Presenting: Awbury’s 2018 series on pollinators– from wasps to wind!
Monthly articles will correspond with our programming and our “Pollinators FOUND at Awbury Arboretum” art show and scavenger hunt.
Articles written by La Salle student and Awbury intern Dan Sardaro.
SEPTEMBER 2018 – CRAB SPIDER
Our past three pollinators for the months of June, July, and August have been about the magnificence of butterflies and their essential role in the ecosystem. September marks a shift in insect, as this month’s pollinator happens to be the crab spider which belongs to the family Thomisidae. While most people are frightened by spiders, it is mostly because they are unaware of their role in the ecosystem. Specifically, the crab spider has an interesting role in pollination, one that has both benefits and drawbacks. Karen Singer places the tiny insect on a bright aster flower in this month’s tilework.
The Thomisidae spider family can be found in North America, Europe and Asia, and can be seen in grasslands, meadows, clearings, city gardens, wetlands and other non-forest habitats. The crab spider is a funny looking critter. It has a balloon shaped abdomen that protrudes backwards, and its front four legs are approximately twice the size of the back four. It makes for a unique looking spider, similar to a crab – quite unlike some other kinds of spiders we may think of. The crab spider can also change its color over the course of a few days to match the yellow or white flowers upon which it lives for most of its life.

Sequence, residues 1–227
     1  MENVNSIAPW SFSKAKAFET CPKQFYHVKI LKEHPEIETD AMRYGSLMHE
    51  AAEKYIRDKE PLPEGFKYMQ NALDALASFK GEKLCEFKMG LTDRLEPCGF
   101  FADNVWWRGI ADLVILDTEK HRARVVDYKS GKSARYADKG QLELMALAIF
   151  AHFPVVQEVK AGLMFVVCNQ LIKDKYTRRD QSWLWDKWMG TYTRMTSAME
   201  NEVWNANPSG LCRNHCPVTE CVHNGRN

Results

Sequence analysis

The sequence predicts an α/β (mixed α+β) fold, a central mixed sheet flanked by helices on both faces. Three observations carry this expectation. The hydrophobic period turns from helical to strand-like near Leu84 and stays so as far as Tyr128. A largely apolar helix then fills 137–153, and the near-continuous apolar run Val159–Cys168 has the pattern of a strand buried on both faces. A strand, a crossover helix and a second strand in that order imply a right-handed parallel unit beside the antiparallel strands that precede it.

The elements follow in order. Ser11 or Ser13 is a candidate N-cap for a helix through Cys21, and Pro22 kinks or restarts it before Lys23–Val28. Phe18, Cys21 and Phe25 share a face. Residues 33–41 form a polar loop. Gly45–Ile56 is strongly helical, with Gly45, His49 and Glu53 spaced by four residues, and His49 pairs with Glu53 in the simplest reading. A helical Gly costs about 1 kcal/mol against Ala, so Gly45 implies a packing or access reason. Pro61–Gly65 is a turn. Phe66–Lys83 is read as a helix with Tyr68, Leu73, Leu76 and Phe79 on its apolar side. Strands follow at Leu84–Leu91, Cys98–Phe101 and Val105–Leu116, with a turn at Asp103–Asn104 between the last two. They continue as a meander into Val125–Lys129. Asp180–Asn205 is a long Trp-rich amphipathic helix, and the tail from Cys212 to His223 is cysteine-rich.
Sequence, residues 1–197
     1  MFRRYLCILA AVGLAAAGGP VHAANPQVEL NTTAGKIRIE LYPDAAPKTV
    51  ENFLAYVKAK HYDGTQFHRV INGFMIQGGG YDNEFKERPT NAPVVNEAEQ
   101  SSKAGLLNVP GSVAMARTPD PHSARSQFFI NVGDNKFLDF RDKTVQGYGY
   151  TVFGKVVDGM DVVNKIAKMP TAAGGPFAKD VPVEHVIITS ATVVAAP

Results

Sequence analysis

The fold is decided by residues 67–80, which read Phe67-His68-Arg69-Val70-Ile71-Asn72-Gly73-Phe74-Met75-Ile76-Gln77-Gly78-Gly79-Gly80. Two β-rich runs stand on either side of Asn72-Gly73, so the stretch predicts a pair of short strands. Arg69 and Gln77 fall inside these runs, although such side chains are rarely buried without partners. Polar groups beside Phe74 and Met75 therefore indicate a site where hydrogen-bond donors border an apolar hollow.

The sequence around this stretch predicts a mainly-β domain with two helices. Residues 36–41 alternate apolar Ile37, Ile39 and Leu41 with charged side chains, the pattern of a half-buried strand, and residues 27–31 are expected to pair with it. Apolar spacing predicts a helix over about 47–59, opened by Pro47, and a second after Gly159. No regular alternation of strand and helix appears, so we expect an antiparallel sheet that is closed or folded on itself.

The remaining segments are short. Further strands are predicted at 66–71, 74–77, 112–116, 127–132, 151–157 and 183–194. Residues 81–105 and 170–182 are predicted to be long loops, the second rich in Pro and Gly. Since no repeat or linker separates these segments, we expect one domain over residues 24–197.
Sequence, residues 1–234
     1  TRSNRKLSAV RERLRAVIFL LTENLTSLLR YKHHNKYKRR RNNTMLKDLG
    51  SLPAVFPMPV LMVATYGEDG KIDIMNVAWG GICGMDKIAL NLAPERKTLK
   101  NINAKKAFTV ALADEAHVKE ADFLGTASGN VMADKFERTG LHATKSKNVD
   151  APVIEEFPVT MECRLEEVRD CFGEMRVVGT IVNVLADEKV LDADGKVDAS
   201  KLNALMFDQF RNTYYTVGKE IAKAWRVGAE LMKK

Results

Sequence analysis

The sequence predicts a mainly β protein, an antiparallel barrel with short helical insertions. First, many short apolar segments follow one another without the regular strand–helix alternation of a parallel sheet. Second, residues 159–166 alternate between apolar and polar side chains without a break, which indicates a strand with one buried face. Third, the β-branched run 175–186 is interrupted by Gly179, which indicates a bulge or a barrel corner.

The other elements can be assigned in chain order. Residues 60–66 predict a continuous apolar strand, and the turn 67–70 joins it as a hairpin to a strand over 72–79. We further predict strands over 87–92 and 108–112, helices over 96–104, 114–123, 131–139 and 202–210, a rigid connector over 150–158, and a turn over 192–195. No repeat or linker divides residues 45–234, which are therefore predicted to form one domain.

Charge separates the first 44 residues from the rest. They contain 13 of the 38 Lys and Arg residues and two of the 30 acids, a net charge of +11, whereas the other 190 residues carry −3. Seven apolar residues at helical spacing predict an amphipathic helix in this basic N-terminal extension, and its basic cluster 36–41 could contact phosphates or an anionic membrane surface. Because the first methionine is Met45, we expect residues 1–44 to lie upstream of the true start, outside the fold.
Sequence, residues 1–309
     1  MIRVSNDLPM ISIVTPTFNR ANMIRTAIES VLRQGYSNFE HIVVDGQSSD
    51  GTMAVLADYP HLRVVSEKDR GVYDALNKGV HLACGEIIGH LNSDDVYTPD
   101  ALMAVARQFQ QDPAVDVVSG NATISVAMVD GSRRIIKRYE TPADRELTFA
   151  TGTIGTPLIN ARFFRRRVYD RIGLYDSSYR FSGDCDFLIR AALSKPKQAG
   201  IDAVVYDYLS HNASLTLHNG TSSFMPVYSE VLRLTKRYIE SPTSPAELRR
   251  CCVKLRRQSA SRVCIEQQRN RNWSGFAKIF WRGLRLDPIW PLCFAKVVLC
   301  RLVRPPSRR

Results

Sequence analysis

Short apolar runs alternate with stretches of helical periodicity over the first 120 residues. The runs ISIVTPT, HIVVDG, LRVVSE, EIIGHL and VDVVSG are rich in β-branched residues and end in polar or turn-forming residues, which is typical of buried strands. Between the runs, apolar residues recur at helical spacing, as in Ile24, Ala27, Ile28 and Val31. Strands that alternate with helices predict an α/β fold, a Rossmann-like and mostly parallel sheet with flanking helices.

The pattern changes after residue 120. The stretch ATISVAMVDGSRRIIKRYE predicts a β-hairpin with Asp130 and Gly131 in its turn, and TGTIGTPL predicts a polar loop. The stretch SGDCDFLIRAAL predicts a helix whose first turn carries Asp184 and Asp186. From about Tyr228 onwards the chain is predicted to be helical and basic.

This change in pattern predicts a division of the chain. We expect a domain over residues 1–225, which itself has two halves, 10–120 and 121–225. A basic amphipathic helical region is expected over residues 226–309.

While we’ve focused on the ways in which bees, flies, or butterflies have helped spread pollen, the crab spider doesn’t help that entirely. In actuality, the insect eats the insects – mostly bees – that come to flowers to pollinate them. Using expert predation skills, the crab spider will spend lots of time on the petals of flowers patiently awaiting prey to come close. Once spotting a bee or fly with their keen eyesight, they will use their deadly venom to tackle the large prey, and successfully gain a meal.
Now this may seem contradictory to the pro-pollination messages of months previous. However, crab spiders are vital parts of the ecosystem. Male crab spiders do ensure that pollen is spread when drinking nectar from various flowers they visit while searching for a female partner to mate with. To add to their pollinating, the crab spider does many other things that make it a key species in biodiversity. Crab spiders provide other animals with a source of food, but they also keep certain insect pest populations in check as well. In the science field, the spiders create silk for scientific materials, produce venom that can be used for medicine, and act as an accurate indicator for biodiversity and ecological health. Next time you’re in a flower garden, look for crab spiders!
“Insect Pollinators.” BeeBristol, BeeBristol Ltd., 2016, www.beebristol.org/pollinators/.
“Flower (A.k.a. Goldenrod) Crab Spider.” Spiders of the HW, Woodland Park Zoo, www.zoo.org/document.doc?id=203.